3. Read John 18:22-23. What kind of inquisition is this?
      (Violent and unfair. John paints a picture of Jewish
      leadership who was not interested in a fair trial.)

      1. How do you react when people treat you unfairly?
        What if the government system, which is supposed to
        be fair, is unfair to you? How do you react then?

        1. What theme do you see so far in these texts?
          (This is the gospel, that Jesus unfairly died in
          our place. He who had no sin died for our sins.)

  3. Caiaphas’ Trial

    1. Read Matthew 26:57, 59-60. Jesus is now taken before the
      actual High Priest, Caiaphas, where they decide to (sort
      of) follow the rule of law. What is the problem with
      following those pesky legal rules? (The false witnesses
      could not agree!)

      1. What should have happened at this point? (Read
        Deuteronomy 19:16-21. The false witnesses in a
        capital trial are to be put to death.)

        1. Who do you think was behind these false

          1. Who, then, should have been on trial here
            instead of Jesus?

    2. Read Matthew 26:60b-61. Does this sound right to you?
      Compare John 2:19.

      1. Is this worthy of the death penalty?

      2. What do you find ironic about the testimony/ charges
        that the Jewish teachers were finally able to put
        together against Jesus?

        1. Let’s look at the context of John 2:19 by
          reading John 2:18. What is Jesus talking about
          when He refers to the “temple?” (Read John 2:21-22. He is referring to Himself. The irony is
          that this is the precise result of this trial;
          Jesus’ death and resurrection in three days.)

    3. Read Matthew 26:62-63. Why would Caiaphas link destroying
      and rebuilding the temple to being the Messiah? (The New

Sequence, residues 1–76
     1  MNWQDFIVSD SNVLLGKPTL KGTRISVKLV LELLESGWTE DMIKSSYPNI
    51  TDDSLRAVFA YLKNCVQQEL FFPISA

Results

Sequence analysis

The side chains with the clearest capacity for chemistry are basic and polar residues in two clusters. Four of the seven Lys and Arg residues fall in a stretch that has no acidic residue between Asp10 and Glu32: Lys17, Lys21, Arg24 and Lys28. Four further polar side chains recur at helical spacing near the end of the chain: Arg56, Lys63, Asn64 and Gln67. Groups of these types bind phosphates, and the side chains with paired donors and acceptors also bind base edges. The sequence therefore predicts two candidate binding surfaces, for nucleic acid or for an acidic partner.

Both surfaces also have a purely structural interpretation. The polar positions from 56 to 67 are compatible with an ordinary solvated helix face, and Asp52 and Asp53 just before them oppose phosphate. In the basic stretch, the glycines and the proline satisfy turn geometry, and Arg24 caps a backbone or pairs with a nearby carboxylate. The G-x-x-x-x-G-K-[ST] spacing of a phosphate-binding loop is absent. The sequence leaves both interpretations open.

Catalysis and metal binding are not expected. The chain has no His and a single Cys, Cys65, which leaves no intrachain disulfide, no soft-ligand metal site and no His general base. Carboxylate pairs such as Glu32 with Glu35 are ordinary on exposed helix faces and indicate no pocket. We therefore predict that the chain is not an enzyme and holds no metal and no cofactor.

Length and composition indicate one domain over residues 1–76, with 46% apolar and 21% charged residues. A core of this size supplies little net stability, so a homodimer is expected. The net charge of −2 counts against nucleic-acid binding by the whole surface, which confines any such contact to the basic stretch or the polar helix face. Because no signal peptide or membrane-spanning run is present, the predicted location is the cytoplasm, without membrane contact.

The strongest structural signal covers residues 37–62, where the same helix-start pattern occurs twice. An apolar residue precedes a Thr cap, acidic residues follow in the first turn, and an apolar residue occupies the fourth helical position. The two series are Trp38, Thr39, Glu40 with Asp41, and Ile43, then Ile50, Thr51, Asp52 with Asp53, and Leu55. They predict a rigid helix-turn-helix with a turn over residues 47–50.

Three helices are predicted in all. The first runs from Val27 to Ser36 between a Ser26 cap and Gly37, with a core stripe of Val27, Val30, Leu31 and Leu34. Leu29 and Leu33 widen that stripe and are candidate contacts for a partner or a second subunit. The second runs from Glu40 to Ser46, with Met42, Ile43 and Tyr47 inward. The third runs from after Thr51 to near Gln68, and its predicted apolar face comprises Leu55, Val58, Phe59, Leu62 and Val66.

Bible Commentary tells us that the Messiah was expected to
      restore and rebuild the temple. So, there is a logical

      1. What is wrong with Caiaphas’ question? (Again, he is
        trying to get Jesus to incriminate Himself.)

    4. Read Matthew 26:64. What does Jesus’ response say about
      those who claim that He was a good and holy man, but not

      1. Compare Daniel 7:13-14. If Caiaphas knew the book of
        Daniel, what should he have concluded?

    5. Read Matthew 26:65-66. It appears that Caiaphas does know
      Daniel! What is the consequence of Caiaphas clearly
      understanding the claims of Jesus? (It condemns him. He
      announces the crime of blasphemy, thus the High Priest
      clearly understood Jesus’ claim to be the Messiah.)

    6. Read Matthew 26:67-68. What does this teach us about the
      group that was “judging” Jesus?

      1. When they asked the question, “Prophesy … who hit
        you,” what does that suggest about the nature of the
        blow? (That they were striking Jesus from behind.)

      2. How do you react to unexpected blows to the head?

      3. How do you react to people spitting in your face?

      4. How do you react to people slapping you?

      5. Now answer the above three questions when you have
        absolute power over the hitters, spitters, and

  4. Pilate’s Trial

    1. Read John 18:28-30. What do you think of the Jewish
      leaders answer to Pilate?

      1. Does this show respect? Common sense?

      2. What do you think about the leaders concern about
        being able to eat the Passover? (John again brings to
        our mind the irony of this.)

    2. Read John 18:31. Pilate reacts as I would expect any judge
      to react. What is going on in the minds of the Jewish
      leaders that they would speak to Pilate this way? (It
      shows anger and arrogance. They apparently think they can
      intimidate Pilate.)

    3. Pilate asks Jesus some questions. Read John 18:38 and John
      19:1. Have the Jewish leaders correctly judged Pilate?

    4. Read Matthew 27:19. Matthew tells us that just at this
      time Pilate’s wife sent him this message. Who gave this
      dream to Pilate’s wife? (God.)

      1. Why would God do this? (No judge in this series of
        trials was without warning from God.)

    5. Friend, how about you? How do you judge Jesus? Your
      response is life-altering. Why not accept Him as your King
      and Redeemer today?

  5. Next week: Darkness at Noon